Palestinian Self-Rule Pact: What It Will and Won't Do
MEETING secretly 14 times in Norway, officials from Israel and the Palestine Liberation Organization (PLO) agreed on a draft Declaration of Principles - guidelines for a five-year, interim period of autonomy for Palestinians in the Israeli-occupied West Bank and Gaza Strip. The official text has not yet been published, but a version leaked to an Israeli newspaper is believed to be substantially accurate.
The accord breaks the deadlock that had reigned in the Middle East peace talks in Washington since their launch nearly two years ago, and could pave the way to peace between Israel and its other neighbors - Syria, Lebanon, and Jordan. The draft agreement's most original feature is to set an accelerated timetable for full Israeli military withdrawal from the Gaza Strip and the West Bank town of Jericho, hence its ``Gaza and Jericho first'' label. Palestinians in the West Bank will have just as much autonomy over their lives as Gaza-Jericho residents, only three months later.
The accord leaves many thorny practical questions unanswered, which are to be negotiated once the declaration has been formally signed. It also postpones resolution of some key differences until negotiations on the final status of the occupied territories begin two years from now.
At a historic signing ceremony on the White House lawn today, Israeli and PLO leaders will mark the end of a century of conflict between Jews and Palestinians. But radicals in both camps are expected to do their utmost to sabotage the deal, in protest over the concessions that each side has made.
Below are the key issues resolved, or left unresolved, by the agreement. SELF-RULE
One of the agreement's central goals is the election, within nine months of the signing, of a Palestinian Interim Self-Government Authority. This authority, to be known as the Council, will conduct affairs for a five-year period until a permanent settlement is reached.
The Council's jurisdiction will cover all the territory captured by Israel in the 1967 war, except the Jewish settlements, East Jerusalem, military locations, and international borders.
Even before the Council is elected, PLO-nominated Palestinians will begin taking over responsibility from the Israeli Civil Administration throughout the occupied territories for education and culture, health, social welfare, direct taxation, and tourism. The Palestinians will also start building their own police force as soon as the agreement enters into force.
During the interim period, Israel will keep responsibility for external security and foreign relations, among other matters. Still undecided are the way the Council will be elected, its exact legislative and executive authority, and how its powers and responsibilities will be transferred from the Israeli occupation authorities. ISRAELI WITHDRAWAL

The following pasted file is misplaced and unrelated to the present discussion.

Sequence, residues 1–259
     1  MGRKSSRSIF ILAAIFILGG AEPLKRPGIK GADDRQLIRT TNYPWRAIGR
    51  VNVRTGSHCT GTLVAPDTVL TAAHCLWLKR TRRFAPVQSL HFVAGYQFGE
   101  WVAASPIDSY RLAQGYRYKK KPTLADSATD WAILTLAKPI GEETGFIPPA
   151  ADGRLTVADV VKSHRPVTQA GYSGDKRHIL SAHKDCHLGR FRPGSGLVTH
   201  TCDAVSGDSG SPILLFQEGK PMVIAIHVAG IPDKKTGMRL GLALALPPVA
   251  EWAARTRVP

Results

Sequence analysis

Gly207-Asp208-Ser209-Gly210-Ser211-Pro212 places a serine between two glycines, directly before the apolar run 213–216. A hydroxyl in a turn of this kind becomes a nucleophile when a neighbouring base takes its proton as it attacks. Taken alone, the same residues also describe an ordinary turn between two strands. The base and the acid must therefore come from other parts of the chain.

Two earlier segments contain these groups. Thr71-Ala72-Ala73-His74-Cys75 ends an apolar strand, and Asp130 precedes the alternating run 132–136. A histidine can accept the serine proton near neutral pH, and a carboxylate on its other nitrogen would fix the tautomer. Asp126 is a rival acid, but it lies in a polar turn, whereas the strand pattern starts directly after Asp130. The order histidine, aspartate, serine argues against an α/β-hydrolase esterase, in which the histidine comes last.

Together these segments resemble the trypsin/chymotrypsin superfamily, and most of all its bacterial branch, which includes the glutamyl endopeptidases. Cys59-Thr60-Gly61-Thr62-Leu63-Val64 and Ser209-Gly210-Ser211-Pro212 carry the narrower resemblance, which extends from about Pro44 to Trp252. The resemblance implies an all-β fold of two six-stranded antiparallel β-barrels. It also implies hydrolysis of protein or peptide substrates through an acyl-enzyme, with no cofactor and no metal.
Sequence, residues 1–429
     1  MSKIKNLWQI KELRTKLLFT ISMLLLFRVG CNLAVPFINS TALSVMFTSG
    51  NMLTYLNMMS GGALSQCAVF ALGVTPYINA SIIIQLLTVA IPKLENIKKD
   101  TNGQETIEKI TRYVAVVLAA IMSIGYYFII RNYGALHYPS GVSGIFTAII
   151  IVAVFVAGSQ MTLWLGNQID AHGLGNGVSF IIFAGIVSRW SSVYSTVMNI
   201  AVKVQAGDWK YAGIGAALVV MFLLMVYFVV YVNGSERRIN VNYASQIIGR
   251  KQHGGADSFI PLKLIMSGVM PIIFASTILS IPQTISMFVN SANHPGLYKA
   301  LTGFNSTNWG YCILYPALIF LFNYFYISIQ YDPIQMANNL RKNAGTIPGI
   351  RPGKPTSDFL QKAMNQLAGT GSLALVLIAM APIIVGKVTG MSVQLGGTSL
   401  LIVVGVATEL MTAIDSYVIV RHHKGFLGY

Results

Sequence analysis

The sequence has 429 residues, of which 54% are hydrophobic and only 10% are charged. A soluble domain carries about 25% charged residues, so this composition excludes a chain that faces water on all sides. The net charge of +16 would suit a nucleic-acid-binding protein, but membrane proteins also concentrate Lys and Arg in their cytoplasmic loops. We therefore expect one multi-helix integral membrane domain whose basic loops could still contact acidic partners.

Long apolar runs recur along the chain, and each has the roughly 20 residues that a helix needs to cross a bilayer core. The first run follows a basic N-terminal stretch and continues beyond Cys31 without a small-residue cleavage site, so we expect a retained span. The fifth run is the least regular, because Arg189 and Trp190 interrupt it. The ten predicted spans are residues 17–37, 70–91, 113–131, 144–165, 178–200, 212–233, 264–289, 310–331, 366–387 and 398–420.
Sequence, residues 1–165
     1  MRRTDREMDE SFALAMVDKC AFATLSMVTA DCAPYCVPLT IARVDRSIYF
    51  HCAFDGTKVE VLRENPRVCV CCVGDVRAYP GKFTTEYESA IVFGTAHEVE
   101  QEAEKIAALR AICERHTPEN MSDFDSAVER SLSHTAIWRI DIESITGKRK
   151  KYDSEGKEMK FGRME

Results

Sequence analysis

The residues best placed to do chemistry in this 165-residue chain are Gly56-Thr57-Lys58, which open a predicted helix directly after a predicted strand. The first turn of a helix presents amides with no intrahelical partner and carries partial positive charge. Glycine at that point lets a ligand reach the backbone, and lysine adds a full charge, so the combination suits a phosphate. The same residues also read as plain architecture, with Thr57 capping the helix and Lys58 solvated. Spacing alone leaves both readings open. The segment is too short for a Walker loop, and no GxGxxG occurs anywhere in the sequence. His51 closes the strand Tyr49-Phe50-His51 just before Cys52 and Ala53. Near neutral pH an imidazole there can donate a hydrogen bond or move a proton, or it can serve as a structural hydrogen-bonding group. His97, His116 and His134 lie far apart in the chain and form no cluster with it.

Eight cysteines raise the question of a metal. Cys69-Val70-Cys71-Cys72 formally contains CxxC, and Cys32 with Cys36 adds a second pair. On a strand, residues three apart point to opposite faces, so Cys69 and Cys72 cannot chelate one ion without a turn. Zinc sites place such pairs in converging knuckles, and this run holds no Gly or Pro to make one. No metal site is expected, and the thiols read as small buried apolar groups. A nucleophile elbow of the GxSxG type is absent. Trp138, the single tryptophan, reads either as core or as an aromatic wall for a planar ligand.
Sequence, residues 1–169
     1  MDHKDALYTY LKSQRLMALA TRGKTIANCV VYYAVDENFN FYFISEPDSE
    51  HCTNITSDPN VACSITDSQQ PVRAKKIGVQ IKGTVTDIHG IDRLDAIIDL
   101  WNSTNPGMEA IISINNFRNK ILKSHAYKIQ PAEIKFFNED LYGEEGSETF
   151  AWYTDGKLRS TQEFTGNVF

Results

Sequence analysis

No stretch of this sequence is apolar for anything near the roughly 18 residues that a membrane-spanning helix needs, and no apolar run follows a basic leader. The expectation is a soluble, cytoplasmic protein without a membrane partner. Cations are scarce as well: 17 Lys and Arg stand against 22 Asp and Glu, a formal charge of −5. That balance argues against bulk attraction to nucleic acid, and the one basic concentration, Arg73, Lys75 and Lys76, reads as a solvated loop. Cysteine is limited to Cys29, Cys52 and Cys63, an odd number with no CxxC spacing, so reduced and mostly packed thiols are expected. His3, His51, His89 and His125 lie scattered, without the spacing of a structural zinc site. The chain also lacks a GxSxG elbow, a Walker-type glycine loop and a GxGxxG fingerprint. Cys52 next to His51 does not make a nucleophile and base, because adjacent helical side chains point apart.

This is to happen faster and more fully in the Gaza Strip and Jericho than elsewhere in the West Bank, though the details of how it will happen are to be negotiated over the next two months.
The intention is that all Israeli military forces will have withdrawn completely from Gaza and Jericho within seven months of the signing of the Declaration of Principles. The Palestinian police force will be responsible for public order and internal security, but Israeli forces will be free to use the roads, since they will be responsible for internal security and public order in the Jewish settlements.
In the rest of the West Bank, Israel has promised to pull its troops out of populated areas to rural bases by the time elections are held - i.e. nine months after the declaration of principles enters into force. REFUGEES
PLO Chairman Yasser Arafat is saying that 800,000 Palestinian refugees will be allowed to return under the accord, suggesting that refugees who fled their homes in what is now Israel during the 1948 war will be able to come home.
But the declaration of principles says only that a committee of representatives from Israel, the Palestinians, Egypt, and Jordan will decide by consensus on the return of refugees who fled the West Bank and Gaza Strip in 1967, during the Six-Day War. STATEHOOD
Mr. Arafat is confident that this accord sows the seed of full Palestinian statehood - the PLO's goal since its founding almost 30 years ago. Israeli Prime Minister Yitzhak Rabin is equally insistent that statehood is out of the question.
Different Israeli leaders envisage different futures: Some see the Palestinians forming a confederation with Jordan, while others foresee an Israeli-Palestinian confederation.
That issue will only be decided in negotiations on the final status of the territories, which are to be finished within five years of the signing of the interim accord. OTHER ISSUES FOR TALKS ON FINAL STATUS
Jerusalem. For the time being, the city serves as the capital of Israel, the status that the Israeli government insists it will always have. Palestinian demands that it should also be the capital of Palestine have been put off, but Palestinian residents of Jerusalem will be allowed to vote in the Council elections. Whether they will also be able to stand as candidates still has to be decided.
Jewish settlements. These will remain during the interim period, and they and their 120,000 residents will be immune from Palestinian authority. Though many Palestinians see this as an affront, Jewish settlers worry that their isolation will eventually spell their demise.
Israeli military installations. These also will remain, except in Gaza and Jericho, so long as they are outside towns and villages. Particularly difficult to resolve will be the final status of the borders with Jordan and Egypt, which Israeli planners want to keep forever under Israeli control for security purposes.